Welcome to the annual Over The Monster One Big Question season preview series. Over the next 40(ish) days, we will be running through every player on the Boston Red Sox 40-man roster and identifying a key question for them pertaining to the coming season. We will go through the roster in alphabetical order. For the most part, these will run Monday through Friday every week running up to the week before Opening Day, at least as things are scheduled right now. Obviously, the lockout may change the timing of the season, and it also means we will likely see more additions of new faces. If need be, we will add some weekend posts to fit any and all additions to the 40-man before Opening Day. You can catch up with every post by following this link. With that, today we cover Bryan Mata.
The Question: Can Bryan Mata get back to his pre-surgery trajectory?
One of the most astounding parts of the 2021 season for the Red Sox, a season that was astounding in a number of ways, was the lack of injuries to the rotation. Prior to Opening Day, this was seen as perhaps the biggest reason the team would not compete, but instead they avoided any significant stay on the injured list from their core starting pitchers all season. However, while there was a distinct lack of injuries in the majors, there was quite a bit in terms of their depth. Notably that included Tanner Houck and Connor Seabold, both of whom were expected to be the top depth starters, and while they weren’t needed as things turned out they were out of commission for the first few months of the season.
But looking longer term, the most impactful injury in the minor-league ranks for pitchers was Bryan Mata, who suffered an elbow injury in March of last season while still in camp that would ultimately end up needing Tommy John surgery to recover. The surgery took place in mid-April of last season, which means he will certainly start this season on the injured list, assuming there is a season that starts.
Despite the injury, and other injuries that have popped up over his career, Mata remains one of the best and most exciting pitching prospects in the system. He’s been surpassed by Brayan Bello and perhaps one or two others, but he’s still right up there with any arm in the system for long-term trajectory. He’s pitched extremely well almost every chance he’s gotten to pitch in the minors, going from a little-known international signee to knocking on the doorstep of the majors last spring as a 21-year-old.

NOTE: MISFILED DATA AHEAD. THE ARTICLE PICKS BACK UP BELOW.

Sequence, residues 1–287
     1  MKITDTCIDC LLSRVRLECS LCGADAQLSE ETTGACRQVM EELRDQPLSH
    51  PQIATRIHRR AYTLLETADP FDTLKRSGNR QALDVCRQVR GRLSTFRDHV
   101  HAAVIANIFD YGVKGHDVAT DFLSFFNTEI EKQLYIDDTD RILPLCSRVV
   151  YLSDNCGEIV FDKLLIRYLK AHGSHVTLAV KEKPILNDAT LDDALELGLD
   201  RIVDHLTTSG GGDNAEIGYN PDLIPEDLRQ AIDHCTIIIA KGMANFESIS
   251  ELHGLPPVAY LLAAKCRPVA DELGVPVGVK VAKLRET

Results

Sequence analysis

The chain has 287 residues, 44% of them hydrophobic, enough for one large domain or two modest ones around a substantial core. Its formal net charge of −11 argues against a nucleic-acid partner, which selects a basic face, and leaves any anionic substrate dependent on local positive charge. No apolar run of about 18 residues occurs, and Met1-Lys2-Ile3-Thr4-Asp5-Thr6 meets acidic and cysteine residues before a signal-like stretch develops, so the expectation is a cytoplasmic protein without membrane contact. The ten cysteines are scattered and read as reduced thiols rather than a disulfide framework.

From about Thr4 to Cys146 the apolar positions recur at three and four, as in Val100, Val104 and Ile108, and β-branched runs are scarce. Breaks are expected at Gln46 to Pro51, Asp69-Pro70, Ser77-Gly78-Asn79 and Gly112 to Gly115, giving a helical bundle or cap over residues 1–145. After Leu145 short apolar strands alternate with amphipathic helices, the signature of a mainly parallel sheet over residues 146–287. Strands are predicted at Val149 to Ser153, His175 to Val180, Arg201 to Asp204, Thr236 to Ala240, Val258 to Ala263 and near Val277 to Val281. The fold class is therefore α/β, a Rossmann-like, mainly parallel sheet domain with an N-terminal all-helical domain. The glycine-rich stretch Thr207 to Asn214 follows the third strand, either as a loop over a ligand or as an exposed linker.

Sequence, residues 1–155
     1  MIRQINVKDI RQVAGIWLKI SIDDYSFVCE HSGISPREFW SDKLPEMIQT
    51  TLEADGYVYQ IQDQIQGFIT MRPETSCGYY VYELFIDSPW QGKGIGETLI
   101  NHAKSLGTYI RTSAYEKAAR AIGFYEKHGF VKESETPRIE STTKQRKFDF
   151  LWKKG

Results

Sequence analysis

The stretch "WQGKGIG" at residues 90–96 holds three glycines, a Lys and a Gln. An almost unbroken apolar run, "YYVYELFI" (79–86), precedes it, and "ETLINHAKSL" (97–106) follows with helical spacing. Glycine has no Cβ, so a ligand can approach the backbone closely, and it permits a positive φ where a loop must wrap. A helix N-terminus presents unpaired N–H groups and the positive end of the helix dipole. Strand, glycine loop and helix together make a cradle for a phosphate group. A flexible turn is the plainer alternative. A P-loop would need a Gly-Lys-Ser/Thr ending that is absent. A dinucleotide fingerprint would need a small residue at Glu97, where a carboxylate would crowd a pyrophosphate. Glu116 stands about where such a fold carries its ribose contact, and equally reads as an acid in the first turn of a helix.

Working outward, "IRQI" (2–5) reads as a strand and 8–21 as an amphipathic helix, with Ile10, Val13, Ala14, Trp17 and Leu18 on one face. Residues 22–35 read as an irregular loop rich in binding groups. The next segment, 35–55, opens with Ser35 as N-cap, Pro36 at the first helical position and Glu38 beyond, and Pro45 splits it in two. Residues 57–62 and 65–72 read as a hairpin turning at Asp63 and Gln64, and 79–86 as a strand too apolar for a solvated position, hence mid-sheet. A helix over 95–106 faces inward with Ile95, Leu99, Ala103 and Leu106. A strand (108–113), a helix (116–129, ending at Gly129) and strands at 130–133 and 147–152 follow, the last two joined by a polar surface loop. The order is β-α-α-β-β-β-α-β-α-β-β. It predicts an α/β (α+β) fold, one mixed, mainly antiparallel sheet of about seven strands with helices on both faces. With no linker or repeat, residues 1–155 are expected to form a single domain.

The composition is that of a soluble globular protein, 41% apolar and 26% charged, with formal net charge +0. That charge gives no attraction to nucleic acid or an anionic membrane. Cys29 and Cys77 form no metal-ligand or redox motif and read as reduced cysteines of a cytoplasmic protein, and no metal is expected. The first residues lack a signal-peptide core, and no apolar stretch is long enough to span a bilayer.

Now, with the Tommy John surgery, we could be looking at what amounts to essentially two lost seasons for Mata. He missed all of last season, as we know, and with the typical timeline for Tommy John recovery being 12-18 months, that puts a most likely return to the mound for the young righty somewhere in the middle or end of summer. And that brings us to the crux of this post, which is that it’s likely not going to be enough time for him to really get back on the fast track and up to the majors. The real hope for his 2022 should be that he can get back on the mound and throwing consistently again by August, and make enough starts that both he and the organization can feel comfortable with him being a full go to start in 2023.
While the recovery from Tommy John is certainly less problematic than it had been in the past, you still never know what a pitcher is going to look like in their return until it actually comes. For Mata, there was a whole lot to like about him before the injury. His stuff is that of a major-league starter, with a fastball that can get up into the high 90s with movement, and a slider that can miss bats and produce weak contact. He also has a solid changeup that, while not an above-average pitch at the moment, should be enough for a good third offering from a major-league starter. His command wasn’t always consistent, but there was enough there to be confident in its long-term efficacy.
On the other hand, injuries have been a theme in his career. Aside from the Tommy John, he’s dealt with a back issue and a hamstring issue with the Red Sox as well as a groin injury that cost him a larger bonus with the Brewers when he was still an amateur. To Mata’s credit, he has bulked up some since entering the organization, and his smaller stature was a reason some were worried about him in the early days of his pro career. That said, his delivery is still has a little more effort than you’d like, and they say past injuries are the biggest indicator of future injury.
Still, we’re not going to try and predict health for Mata, because that’s a fool’s errand for any pitcher. Instead, we’re going to look forward for a pitcher with promising stuff who missed a crucial year of development in 2021, especially after the cancelled 2020 minor-league campaign. That makes this year a big one for the righty, not necessarily in terms of numbers at the minor-league level, but rather showing he’s still the same guy. Look for him to come back at some point this summer, and keep an eye on reports about his stuff. There will be command inconsistency, but if the stuff looks good and he can get through a couple months healthy, he’ll be right back in a good position in 2023 ready to finally make an impact at the highest level.